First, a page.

Republic of Ireland versus England, February 15 1995.
The disgraceful behavior at last night’s football international in Dublin must throw into grave doubt England’s role as hosts of next year’s European Championship. It was appalling enough that the pond life who purport to follow England should riot at all. But in Ireland of all places, at such a politically sensitive time, defies belief.
Today Newspaper Editorial, on the day following the riots.
I dug this match Programme out recently, and thought it would be of interest to some of our readers. Page 3, the notes from the manager, is signed. Sadly, it is addressed to Donal, and not eBay.
In all seriousness however, this encounter between the Republic of Ireland and England on February 15 1995 marked one of the worst moments for soccer in this country. Largely believed to be as a protest against the peace process in Ulster, and centering around a few fringe groups from London clubs, a small band of fascist supporters within the English away support brought the match to a halt amid scenes of flying chairs and wood. Ireland were 1 nil up in the encounter, before it was called off. Both National Anthems had been greeted poorly at the beginning of the match, and near constant chants of ‘Never surrender to the IRA’ can be heard in footage of the encounter. The damage done to the image of the game in Ireland was quite bad, and the UK tabloids seized the day too to make quite sweeping statements about English football supporters.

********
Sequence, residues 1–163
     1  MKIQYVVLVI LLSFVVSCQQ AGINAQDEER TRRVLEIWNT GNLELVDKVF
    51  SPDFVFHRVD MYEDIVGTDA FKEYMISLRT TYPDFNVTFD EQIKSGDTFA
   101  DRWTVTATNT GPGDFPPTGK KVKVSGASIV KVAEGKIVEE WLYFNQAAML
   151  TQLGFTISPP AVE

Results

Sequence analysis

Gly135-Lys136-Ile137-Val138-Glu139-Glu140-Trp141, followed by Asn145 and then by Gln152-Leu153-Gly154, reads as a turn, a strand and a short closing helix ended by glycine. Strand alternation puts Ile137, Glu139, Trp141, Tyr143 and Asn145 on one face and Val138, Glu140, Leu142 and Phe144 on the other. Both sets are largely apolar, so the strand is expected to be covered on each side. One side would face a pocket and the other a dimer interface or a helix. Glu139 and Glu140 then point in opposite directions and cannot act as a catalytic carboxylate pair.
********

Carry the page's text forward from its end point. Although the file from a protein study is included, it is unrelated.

Many of the trouble makers had, almost laughably, purchased their tickets from Dublin. The Football Association of Ireland made a haims of the affair, and English fans were located in an area of the stadium one can only describe as madly short sighted in retrospect, with little to no screening of their support. Searchlight magazine told The Irish Times that its “spotters” had noticed a huge number of hooligans from right wing firms and political groupings in the North among the away support. The video footage from the moments following the calling off of the game is incredible, showing a clearly raging Jack Charlton, a man who won a World Cup medal with England in 1966.
There was little evidence of orchestration but many signs of the disturbing presence of the right-wing thugs who have attached themselves to club around the south east of London. Forearms bearing Union Jack tattoos jerked skywards in Nazi salutes. Several skinheads carried the legend “Made in the UK” in blue ink above their ears. There was some excited talk about “doing like the paras” and getting the “Fenian scum”, but for the most part the trouble was caused by dull young men looking for the rush that violence can provide
Tom Humphries writing in The Irish Times , February 18 1995
Interestingly, in 2008, John Delaney remarked to The Guardian that
At some stage, I would like to see England play in Lansdowne Road because there is a game owed. (…)Bringing them to the old Lansdowne Road would have been difficult, and bringing them to Croke Park wouldn’t have been correct given the history.
So, here is a selection of content from the match programme. Enjoy. League of Ireland fans should note the fantastic article on the first English visit to Dublin, an encounter at Dalymount Park.